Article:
Although, despite it being festival season, smaller blogs tend to have a harder time getting new content to write about. Although submissions still come in, because the bands that â€œmatterâ€ have already sent in their new album information, blogs are struggling for content if they canâ€™t make it to Bonnaroo or CMJ in New York City.
Indie Advice:Â Summer is a solid time to release. Donâ€™t expect to get a lot of placement on ForkPitch, but smaller blogs will be all-ears as usual. You can get away with releasing in the summer if you have the time to promote heavily. Itâ€™ll take a bit of extra attention to grab the ears of college students and young people who will be attending festivals. New music doesnâ€™t stick very well in this time period because of how music-heavy the summer is to begin with, but you wonâ€™t be competing with bigger name acts for promotional space as much.
Finally, the winter season. As I mentioned earlier in the article, the winter months are generally best for major label artists trying to ride theÂ holiday wave.Â Obviously, as anÂ independentÂ artist youâ€™re probably not very worried about how well your album sells during a specific time of the year, but rather if it sells at all. September-December is ignored largely byÂ independentÂ artists because thereâ€™s no summer-touring involved, nor is there a winter tour theyâ€™ll be supporting either. Going out on the road when thereâ€™s snow on the road is generally a no-go for anyone, which is why September-December is the quietest period in the year for album releases.
Indie Advice:Â If possible, release your record in this period of time. Obviously, you wonâ€™t be able to go out on tour in support of the album, but because youâ€™ll have your album broadcasting to open ears, you may be able to follow up with a single/EP release in the early part of the following year to tour behind. When youâ€™re an indie, exposure is what counts the most in the beginning, so having a solid footing to build off of when youâ€™re trying to compete for more/cheaper advertising space on social media sites is crucial. If this is your first or second album release, use the safety ofÂ September-DecemberÂ to build a repertoire with blogs about your music.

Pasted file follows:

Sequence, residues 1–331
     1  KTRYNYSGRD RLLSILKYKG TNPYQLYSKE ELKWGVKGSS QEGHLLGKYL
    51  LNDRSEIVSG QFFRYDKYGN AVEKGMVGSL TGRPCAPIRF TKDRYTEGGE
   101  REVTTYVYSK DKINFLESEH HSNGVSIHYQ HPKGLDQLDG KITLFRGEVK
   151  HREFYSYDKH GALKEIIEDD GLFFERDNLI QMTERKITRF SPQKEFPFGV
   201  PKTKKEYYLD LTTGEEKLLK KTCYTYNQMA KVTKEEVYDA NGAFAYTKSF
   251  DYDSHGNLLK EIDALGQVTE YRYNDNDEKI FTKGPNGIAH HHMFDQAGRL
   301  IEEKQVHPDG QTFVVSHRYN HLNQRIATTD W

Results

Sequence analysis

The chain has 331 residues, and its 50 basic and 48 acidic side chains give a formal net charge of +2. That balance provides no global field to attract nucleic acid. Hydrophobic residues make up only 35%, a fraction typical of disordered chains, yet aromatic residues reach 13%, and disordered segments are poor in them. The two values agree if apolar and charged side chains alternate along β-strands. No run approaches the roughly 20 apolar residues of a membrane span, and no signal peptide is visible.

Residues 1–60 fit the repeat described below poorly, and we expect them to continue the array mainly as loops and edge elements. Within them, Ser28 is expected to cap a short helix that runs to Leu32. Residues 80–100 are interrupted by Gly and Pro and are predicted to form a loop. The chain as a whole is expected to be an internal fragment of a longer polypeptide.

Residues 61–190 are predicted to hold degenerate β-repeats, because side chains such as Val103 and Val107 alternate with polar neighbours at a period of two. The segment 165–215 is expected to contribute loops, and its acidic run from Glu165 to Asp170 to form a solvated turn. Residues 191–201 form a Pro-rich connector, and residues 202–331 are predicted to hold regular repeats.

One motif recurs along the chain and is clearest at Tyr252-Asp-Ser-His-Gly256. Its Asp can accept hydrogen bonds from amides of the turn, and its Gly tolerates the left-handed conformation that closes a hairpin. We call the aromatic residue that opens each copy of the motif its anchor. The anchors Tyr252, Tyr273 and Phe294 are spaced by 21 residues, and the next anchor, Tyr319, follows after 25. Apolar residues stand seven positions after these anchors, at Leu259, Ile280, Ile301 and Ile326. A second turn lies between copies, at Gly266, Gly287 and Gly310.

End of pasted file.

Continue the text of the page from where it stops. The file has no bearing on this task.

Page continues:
A lot of what is mentioned above is based around one thing: touring. If youâ€™re an indie thatâ€™s looking to tour after the release of an album, then thereâ€™s a good chance your press release will contain tour information about what youâ€™ll be doing following the release of your album. If your goal is to get more exposure for your tour, and in turn get blog readers interested in coming out to your show in town, then you should make your decision about when to send out your new-album press releases in regards to how good of a chance it has of being written about.
If you haveÂ no plans of touringÂ then just about any of the above time slots will work. Obviously, take into account the fact that festivals and other factors will affect a bloggerâ€™s decision to cover you, but generally speaking, smaller bloggers (not the huge tastemaker ones likes Pitchfork, NPR, Paste, Obscure Sound etc) wonâ€™t have as much to cover during high-traffic music months.